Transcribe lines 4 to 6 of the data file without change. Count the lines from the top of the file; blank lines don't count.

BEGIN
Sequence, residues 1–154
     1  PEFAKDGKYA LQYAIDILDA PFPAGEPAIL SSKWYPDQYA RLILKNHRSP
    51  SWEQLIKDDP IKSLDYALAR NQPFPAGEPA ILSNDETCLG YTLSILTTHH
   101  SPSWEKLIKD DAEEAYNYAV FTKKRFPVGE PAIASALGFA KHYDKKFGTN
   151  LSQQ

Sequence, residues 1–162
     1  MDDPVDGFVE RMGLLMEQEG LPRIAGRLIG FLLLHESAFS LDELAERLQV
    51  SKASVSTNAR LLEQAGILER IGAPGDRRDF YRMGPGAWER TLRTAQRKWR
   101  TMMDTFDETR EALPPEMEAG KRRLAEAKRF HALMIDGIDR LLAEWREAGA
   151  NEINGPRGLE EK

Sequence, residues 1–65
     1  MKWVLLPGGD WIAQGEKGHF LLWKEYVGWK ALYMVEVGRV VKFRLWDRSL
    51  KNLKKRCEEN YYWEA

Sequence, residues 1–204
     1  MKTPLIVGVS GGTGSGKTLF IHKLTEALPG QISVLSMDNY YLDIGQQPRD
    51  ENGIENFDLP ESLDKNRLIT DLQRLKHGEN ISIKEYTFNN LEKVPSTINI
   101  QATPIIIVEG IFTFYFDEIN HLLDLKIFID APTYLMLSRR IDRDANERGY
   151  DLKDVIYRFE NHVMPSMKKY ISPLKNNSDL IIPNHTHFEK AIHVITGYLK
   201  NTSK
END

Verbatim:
   101  SPSWEKLIKD DAEEAYNYAV FTKKRFPVGE PAIASALGFA KHYDKKFGTN
   151  LSQQ

Sequence, residues 1–162